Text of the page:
Hopkins told PG that the one thing that the school is blessed with is that it has a lot kids who just love to play baseball and they continue to play it throughout the summer. Many of them play their summer and fall ball with the 5 Star program, one of the country’s most elite organizations that was founded by and is still owned by Andy Burress, Drew Burress’ father.

“I tell people all the time that I’m not really sure how good of a coach I am because these kids are getting so much experience whether I’m working with them or not,” Hopkins said. “They’ve seen a lot – they’ve been around the block – and that’s really paid off for us this year big-time.

“These kids, you’ve got to think, are logging an extra 45 games a year in most cases, which is just speeding up the process.”

When Hopkins brought this team together for the first time in the preseason, he talked to the players about what he and his staff expect of them and what they’ll be looking for. They also addressed the Bears’ schedule and how there are no cupcakes on it because, simply put, there are very few cupcake programs in an area southeast of Atlanta on I-75.

“That’s what we tell them, when you come here, expect to compete, expect to play a tough schedule because that’s what it’s going to take to push us over the edge,” Hopkins said. “We figured that out right before we went on that run there (starting in ’14) and we started making our schedule tougher at the front end and then we got better on the back end every year.”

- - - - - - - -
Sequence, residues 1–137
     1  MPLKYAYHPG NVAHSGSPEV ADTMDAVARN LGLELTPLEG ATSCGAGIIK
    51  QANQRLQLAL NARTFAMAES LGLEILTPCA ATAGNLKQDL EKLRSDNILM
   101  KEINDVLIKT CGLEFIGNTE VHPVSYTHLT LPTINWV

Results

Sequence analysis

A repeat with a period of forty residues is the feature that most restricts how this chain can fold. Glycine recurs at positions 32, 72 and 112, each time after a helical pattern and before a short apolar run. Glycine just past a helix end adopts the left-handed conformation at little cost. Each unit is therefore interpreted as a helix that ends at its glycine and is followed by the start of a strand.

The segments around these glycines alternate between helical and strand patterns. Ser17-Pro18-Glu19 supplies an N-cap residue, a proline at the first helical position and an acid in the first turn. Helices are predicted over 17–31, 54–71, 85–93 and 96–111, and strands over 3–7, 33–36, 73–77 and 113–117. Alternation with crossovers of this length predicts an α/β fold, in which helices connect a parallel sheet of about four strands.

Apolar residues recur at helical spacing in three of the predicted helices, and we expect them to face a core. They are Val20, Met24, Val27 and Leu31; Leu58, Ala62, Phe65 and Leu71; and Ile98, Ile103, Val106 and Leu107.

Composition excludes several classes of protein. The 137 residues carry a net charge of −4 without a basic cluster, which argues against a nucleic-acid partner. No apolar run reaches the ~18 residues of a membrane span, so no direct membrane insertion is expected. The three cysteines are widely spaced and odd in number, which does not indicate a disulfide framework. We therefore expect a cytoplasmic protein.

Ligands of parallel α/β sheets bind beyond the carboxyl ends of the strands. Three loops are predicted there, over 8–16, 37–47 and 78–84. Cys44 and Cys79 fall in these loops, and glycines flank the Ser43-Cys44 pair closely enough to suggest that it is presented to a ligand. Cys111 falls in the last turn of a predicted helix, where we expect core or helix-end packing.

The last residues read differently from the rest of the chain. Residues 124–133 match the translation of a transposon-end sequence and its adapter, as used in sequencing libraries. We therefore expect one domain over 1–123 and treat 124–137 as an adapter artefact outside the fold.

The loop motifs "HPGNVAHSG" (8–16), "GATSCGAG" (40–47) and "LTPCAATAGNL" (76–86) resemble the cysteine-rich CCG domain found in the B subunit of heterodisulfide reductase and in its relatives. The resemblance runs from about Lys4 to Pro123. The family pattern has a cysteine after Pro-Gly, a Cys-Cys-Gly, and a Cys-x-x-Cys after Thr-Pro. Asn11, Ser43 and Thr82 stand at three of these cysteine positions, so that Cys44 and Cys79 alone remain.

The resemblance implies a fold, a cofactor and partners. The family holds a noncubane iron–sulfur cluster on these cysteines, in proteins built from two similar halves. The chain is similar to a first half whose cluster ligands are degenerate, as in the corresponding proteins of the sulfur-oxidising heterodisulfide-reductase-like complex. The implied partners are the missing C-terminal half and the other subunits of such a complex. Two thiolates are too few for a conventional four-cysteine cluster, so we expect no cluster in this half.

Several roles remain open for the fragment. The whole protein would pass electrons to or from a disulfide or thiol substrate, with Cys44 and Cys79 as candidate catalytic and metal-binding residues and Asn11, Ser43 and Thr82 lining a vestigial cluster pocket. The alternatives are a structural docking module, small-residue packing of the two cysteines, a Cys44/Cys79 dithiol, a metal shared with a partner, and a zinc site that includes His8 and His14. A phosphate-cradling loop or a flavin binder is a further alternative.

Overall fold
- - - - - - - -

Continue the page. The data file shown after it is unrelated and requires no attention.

And with that said, this seems like an ideal time to address Houston County’s involvement with the PG HS Showdown, which it will be competing at for a fifth straight year in a little more than a week.

It’s been a bit of a mixed-bag, to be sure. The Bears first took part in the 2016 showdown and won only one of their four games, results that would have been little more than a minor footnote except for two interesting items.

The first is, Houston Country quickly righted the ship after making the short trip home (the event was held in Emerson, Ga., that year) and went on to win the Georgia Class 5A state championship, their second in three years.

The second item centered on the Bears’ roster. Among those occupying a spot was junior left-hander DL Hall, a 2016 PG All-American who the Orioles selected with the No. 21 overall pick of the first round in the 2017 MLB June Amateur Draft.

It also included a top-500 right-hander/third baseman by the name of Jake Fromm, who ultimately decided to play football at the University of Georgia. Fromm completed his junior season in 2019 and has declared for the 2020 NFL Draft.